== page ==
A collection of poems in six volumes, Volume 3

Front Cover
Robert Dodsley
Printed for J. Dodsley, 1782 - English poetry
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Page 134 - When young-ey'd Spring profufely throws From her green lap the pink and rofe, When the foft turtle of the dale To Summer tells her tender tale, When Autumn cooling caverns feeks, And ftains with wine his jolly cheeks, When Winter, like poor pilgrim old, Shakes his filver beard with cold, At
Page 321 - go about To cozen Fortune, and be honourable Without the Stamp of Merit ? ShakspearE. YE S : all, my Lord, ufurp fair Honour's fame, Though falfe as various be the
Page 327 - wak'd freedom in the favage mine ! Yes : truly glorious, only great is he, Who conquers, or who bleeds for liberty. " Heroes are much the fame, the point's agreed, " From Macedonia's madman to the Swede." 105 Like baleful comets flaming in the Ikies, At deftin'd times th' appointed fcourges rife ; § Awhile in
Page 355 - to the dart, That quench'd its rage in Yours and Britain's heart: You mourn : But Britain, lull'd in reft profound, (Unconfcious Britain !) /lumbers o'er her wound. Exulting Dulnefs ey'd the fetting light, And flapp'd her wing, impatient for the night : Rous'd at the fignal, Guilt collects her train, And counts the triumphs of her growing reign : With
Page 128 - eye) To lift my foul above this little earth, This folly-fetter'd world : to purge my ears, That I may hear the rolling planets' fong, And tuneful turning fpheres: if this be barr'd^ The little Fayes that dance in neighbouring dales, Sipping the night-dew, while they laugh and love> Shall charm me with aerial notes.—As thus I wander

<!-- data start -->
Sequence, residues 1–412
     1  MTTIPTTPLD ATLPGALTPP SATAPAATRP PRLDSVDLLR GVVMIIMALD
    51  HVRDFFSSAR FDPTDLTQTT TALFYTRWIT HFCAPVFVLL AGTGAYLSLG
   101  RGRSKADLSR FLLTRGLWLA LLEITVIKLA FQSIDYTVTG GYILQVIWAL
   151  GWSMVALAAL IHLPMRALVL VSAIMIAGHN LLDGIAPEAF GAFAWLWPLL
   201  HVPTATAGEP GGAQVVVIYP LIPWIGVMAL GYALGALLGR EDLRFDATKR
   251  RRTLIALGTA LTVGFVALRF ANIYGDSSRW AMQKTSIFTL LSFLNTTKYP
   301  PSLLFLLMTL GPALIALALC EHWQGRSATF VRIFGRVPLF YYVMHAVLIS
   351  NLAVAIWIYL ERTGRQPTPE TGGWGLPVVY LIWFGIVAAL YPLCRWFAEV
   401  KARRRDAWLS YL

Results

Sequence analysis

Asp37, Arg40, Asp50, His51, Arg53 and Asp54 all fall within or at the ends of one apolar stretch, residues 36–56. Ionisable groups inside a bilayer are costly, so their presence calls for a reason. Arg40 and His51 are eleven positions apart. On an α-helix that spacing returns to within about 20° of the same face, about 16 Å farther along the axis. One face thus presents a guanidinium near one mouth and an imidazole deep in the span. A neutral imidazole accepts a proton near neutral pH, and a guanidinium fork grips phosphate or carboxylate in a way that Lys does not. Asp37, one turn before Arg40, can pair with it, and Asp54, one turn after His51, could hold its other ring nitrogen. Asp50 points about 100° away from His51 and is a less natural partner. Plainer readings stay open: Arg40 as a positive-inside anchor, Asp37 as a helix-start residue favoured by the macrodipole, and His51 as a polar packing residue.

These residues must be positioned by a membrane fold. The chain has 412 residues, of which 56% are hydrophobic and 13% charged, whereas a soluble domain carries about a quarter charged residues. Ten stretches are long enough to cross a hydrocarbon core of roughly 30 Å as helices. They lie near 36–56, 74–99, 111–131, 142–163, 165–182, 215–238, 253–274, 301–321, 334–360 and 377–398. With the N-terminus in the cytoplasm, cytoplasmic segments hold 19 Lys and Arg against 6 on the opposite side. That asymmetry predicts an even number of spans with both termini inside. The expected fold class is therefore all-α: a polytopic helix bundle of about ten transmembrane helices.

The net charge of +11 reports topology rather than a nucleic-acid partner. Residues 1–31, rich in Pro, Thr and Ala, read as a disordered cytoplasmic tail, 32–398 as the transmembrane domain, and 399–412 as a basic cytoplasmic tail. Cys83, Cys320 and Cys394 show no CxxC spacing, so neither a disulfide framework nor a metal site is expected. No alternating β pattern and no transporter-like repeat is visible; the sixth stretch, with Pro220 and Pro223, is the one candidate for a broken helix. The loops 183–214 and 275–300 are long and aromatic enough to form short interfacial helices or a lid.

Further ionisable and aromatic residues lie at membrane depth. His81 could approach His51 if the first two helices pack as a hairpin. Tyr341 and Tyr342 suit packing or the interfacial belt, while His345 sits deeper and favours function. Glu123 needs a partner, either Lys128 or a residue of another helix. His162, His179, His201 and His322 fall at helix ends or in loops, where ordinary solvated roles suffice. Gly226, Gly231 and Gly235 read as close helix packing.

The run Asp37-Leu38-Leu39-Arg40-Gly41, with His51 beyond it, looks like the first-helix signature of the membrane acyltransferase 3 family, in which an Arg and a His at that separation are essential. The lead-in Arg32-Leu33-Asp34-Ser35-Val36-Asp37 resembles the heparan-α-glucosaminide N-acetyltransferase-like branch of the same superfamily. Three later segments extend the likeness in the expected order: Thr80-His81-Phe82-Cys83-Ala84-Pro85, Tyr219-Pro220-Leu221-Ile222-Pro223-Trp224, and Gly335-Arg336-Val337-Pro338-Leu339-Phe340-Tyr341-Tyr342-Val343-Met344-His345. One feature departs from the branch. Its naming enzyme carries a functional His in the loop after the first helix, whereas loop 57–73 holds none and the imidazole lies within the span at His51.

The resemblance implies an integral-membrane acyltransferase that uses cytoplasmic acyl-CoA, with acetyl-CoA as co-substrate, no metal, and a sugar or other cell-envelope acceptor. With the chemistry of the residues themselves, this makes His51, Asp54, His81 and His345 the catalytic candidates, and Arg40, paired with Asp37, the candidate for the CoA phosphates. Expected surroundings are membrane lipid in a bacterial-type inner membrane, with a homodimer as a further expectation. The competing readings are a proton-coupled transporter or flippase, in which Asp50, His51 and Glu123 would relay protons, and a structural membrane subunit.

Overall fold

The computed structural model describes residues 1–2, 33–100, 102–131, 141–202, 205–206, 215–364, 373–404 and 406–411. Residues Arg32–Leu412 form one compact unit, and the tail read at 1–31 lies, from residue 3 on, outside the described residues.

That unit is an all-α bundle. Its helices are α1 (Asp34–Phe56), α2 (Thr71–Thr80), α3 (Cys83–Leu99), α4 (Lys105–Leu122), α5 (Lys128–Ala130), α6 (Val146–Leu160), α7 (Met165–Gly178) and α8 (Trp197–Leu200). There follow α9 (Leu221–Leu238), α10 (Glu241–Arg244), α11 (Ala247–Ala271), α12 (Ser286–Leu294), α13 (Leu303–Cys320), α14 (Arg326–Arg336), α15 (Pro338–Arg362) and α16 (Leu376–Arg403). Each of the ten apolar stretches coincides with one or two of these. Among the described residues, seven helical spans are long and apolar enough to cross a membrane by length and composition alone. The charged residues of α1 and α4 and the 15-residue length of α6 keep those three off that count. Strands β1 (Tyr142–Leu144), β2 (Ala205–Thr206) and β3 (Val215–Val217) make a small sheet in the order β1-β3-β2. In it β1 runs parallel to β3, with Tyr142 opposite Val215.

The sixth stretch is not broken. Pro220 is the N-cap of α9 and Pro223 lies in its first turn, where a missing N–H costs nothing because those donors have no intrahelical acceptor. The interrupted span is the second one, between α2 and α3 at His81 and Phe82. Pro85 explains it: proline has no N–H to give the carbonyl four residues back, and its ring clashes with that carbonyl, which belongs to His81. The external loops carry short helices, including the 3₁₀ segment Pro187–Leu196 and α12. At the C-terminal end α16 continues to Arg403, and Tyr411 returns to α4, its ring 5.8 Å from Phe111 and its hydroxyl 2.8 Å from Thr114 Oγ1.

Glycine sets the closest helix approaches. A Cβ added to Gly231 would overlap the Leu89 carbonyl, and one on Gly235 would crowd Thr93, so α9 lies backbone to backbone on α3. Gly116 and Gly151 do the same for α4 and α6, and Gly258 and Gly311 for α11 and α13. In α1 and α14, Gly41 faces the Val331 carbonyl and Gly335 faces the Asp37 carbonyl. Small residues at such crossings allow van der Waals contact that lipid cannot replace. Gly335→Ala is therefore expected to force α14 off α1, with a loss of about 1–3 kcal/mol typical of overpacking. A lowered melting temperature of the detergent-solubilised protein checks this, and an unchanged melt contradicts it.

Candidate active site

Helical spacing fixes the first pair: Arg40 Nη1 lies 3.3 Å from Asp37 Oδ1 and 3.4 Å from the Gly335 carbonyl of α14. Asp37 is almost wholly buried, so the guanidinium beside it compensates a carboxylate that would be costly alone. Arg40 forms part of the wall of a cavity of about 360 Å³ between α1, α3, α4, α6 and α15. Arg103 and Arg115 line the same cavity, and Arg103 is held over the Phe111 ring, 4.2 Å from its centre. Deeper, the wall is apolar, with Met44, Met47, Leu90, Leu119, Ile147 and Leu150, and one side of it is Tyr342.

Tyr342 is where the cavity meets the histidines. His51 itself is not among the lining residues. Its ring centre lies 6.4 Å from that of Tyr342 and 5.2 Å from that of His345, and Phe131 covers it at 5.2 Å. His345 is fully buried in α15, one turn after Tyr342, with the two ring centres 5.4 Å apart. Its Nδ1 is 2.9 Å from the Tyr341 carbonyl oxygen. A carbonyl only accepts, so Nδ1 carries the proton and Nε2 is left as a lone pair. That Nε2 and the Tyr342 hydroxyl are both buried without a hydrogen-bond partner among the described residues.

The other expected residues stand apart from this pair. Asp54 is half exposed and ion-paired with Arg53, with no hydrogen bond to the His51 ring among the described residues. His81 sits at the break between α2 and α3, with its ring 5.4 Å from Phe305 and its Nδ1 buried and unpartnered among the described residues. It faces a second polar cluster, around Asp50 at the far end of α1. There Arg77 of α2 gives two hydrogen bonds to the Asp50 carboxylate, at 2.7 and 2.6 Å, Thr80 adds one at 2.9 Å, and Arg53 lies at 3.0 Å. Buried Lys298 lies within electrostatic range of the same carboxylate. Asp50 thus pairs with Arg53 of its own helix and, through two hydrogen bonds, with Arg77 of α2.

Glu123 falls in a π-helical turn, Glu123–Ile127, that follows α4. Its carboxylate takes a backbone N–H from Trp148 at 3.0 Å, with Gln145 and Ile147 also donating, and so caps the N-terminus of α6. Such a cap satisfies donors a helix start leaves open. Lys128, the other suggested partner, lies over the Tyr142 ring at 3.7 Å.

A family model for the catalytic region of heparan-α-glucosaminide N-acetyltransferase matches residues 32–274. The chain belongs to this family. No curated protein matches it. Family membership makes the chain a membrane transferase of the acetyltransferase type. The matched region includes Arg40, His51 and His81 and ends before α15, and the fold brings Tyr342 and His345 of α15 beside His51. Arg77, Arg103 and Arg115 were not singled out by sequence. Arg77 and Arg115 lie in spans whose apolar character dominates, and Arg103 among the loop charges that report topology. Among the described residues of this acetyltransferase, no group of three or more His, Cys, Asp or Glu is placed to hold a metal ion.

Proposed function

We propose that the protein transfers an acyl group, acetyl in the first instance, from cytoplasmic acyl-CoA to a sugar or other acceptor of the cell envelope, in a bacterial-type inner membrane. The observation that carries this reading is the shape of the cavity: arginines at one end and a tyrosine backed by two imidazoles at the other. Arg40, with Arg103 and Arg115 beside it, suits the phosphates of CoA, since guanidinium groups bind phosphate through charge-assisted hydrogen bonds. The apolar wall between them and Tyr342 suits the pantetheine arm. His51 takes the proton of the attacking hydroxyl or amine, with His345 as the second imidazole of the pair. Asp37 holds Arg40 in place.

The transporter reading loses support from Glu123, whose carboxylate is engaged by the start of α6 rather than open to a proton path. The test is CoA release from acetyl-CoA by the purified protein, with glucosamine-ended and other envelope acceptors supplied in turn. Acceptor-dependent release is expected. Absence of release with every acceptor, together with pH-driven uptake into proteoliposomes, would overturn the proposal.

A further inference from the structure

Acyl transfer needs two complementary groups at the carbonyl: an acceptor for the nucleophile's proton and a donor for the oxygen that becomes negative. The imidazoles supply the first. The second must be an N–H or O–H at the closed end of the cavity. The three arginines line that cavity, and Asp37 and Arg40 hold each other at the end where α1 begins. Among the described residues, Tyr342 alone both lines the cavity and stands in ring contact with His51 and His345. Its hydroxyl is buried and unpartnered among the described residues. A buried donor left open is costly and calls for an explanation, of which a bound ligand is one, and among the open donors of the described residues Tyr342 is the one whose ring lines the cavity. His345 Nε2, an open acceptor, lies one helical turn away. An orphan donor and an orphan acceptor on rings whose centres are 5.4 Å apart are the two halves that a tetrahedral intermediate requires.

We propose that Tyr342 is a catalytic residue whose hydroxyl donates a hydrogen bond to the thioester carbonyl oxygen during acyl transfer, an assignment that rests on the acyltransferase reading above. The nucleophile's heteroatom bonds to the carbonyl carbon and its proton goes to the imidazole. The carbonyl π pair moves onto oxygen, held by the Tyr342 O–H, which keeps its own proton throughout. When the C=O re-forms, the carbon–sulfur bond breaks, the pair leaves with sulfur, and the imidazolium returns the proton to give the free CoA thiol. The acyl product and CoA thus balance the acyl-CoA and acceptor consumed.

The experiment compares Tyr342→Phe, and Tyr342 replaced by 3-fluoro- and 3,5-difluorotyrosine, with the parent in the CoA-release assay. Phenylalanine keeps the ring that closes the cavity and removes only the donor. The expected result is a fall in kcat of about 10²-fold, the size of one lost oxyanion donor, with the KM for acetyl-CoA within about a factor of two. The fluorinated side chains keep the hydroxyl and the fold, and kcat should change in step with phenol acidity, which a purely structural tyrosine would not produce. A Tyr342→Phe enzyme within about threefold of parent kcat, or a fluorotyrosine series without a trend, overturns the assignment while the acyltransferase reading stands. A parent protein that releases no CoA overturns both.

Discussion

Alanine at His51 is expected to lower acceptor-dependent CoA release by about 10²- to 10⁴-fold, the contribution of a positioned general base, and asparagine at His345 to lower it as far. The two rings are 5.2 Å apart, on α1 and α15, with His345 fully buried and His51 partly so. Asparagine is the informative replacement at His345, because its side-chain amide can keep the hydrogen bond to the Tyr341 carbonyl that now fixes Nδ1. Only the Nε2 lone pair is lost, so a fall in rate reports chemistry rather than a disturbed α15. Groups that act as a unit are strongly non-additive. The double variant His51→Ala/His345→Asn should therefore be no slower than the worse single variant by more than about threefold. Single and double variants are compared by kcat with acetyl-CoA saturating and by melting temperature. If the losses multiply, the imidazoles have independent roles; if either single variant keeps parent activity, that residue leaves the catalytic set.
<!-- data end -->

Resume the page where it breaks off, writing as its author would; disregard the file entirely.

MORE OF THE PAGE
Page 6 - now they all confpire To fwell the lofty hymn, from praife to praife VI. Let me, ye wand'ring fpirits of the wind, Who as wild Fancy prompts you touch the firing, Smit with your theme, be in your chorus join'd, For, 'till you ceafe, my
Page 361 - the knave. Who combats Virtue's foe is Virtue's friend ; Then judge of Satire's merit by her end : To guilt alone her vengeance ftands confin'd, The object of her love is all mankind. 150 Scarce more the friend of man, the wife muft own, Ev'n Allen's
Page 371 - Her hand delineates paifion, pictures man. And great the toil, the latent foul to trace, To paint the heart, and catch internal grace ; By turns bid vice or virtue flrike our eyes, Now bid a Wolfey or a Cromwell rife ; Now with a touch more facred and refin'd,
Page 134 - feafon let my ear Thy folemn whifpers, Fancy, hear. O warm, enthufiaftic maid, Without thy powerful, vital aid, That breathes an energy divine, That gives a foul to every line, Ne'er may I ftrive with lips profane To utter an

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